11. I recently completed this AMT 1/25th scale 1963 Ford Galaxie 500XL. It was an older kit (the box called it a "Prestige" kit). I had in my stash and finally decided to tackle it. This is also my 2nd attempt at using Bare Metal foil. My first attempt was on a model that was molded in color. This is my first try on a painted body. I ran into a few issues at the beginning, but managed to figure things out. All of the scripts and emblems are hand painted (still not ready to try doing these with BMF!). All of the silver trim on the interior was also hand painted. Not entirely pleased with the black wash on the grill - my usual approach was not working and I tried some other methods. Eventually I just gave up trying and figured this was as good as I was going to be able to do. Thanks for looking, Bart
  12. Excellent work! I have a 60 Starliner waiting to be built - I hope mine comes close to what you have achieved!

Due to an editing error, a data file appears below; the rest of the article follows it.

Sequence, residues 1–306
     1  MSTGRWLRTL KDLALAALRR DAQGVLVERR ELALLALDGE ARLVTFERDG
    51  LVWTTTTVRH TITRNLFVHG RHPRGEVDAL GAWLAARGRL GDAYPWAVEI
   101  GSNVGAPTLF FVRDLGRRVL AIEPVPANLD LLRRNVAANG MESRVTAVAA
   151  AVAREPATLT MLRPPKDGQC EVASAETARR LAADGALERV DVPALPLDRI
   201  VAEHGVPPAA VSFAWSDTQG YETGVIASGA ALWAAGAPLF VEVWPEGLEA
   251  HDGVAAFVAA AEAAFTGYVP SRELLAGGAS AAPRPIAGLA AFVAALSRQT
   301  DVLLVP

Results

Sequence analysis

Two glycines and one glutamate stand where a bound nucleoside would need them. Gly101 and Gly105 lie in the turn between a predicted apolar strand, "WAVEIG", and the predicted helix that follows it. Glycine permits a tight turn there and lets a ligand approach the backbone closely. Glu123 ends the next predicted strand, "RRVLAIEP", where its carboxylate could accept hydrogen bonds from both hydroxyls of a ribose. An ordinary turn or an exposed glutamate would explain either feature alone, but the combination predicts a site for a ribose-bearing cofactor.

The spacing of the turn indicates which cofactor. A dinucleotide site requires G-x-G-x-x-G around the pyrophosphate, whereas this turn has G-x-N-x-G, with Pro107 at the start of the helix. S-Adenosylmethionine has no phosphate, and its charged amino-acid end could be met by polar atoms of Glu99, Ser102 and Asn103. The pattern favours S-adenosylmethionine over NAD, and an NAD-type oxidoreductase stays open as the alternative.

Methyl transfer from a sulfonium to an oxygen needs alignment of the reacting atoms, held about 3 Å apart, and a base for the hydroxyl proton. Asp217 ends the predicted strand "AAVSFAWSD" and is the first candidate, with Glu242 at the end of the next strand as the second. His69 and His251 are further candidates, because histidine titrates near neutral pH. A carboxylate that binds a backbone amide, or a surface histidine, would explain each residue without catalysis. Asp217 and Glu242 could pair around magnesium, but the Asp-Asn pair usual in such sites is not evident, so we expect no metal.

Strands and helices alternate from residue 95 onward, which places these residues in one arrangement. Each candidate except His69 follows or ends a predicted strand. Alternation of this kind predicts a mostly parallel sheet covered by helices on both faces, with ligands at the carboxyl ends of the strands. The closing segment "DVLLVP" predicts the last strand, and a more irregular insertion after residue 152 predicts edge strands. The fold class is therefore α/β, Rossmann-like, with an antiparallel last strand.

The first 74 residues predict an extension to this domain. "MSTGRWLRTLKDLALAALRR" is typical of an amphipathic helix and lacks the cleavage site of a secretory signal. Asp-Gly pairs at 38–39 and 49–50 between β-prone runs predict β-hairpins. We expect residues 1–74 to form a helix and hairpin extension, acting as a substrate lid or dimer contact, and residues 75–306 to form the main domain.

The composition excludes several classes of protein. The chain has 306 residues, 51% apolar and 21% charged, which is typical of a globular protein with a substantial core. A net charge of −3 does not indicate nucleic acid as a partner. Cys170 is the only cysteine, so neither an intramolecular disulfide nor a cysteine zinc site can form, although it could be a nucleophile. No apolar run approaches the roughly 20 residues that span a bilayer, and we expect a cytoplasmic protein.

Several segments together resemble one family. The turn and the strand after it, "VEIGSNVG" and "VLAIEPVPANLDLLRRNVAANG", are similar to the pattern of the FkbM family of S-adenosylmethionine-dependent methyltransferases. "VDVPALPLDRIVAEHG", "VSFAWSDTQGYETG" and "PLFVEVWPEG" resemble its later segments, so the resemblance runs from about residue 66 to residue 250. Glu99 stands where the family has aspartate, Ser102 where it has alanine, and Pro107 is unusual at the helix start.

13. Yes, I am here, too! N Gauge trains and Model Cars - 2 of my hobbies! I did some internet research on TX plates and discovered that my info was out of date. Back in 2015, the plates on my 2007 Mustang hit 7 years and I got new plates sent to me with a new number. This is what I found for the current process: As of November 1, 2016, the State of Texas will no longer automatically replace your General-Issued plates after 7 years. However, you may still apply at your county tax office for replacement plates if the license plate needs to be replaced for cosmetic or readability reasons. Specialty license plates (vanity plates) with personalized numbers are issued for a one, five, or ten year term. At the end of each term, prior to expiration, your annual registration renewal notice will remind you that it is time to renew. If your specialty plate selection is not renewed within 60 days of expiration, the TxDMV system will automatically cancel the specialty plate selection, making it available for anyone to order. Looks like vanity plates remain the same as long as you remember to renew them at the specified interval. The vanity plates are not cheap - otherwise I would have tried to get some for my Mustang! The rate for the 5 year subscription is $495. As far as the "replacement" plates for the general issued plates, I couldn't determine if the replacement has a new number on it or if it stays the same. Bart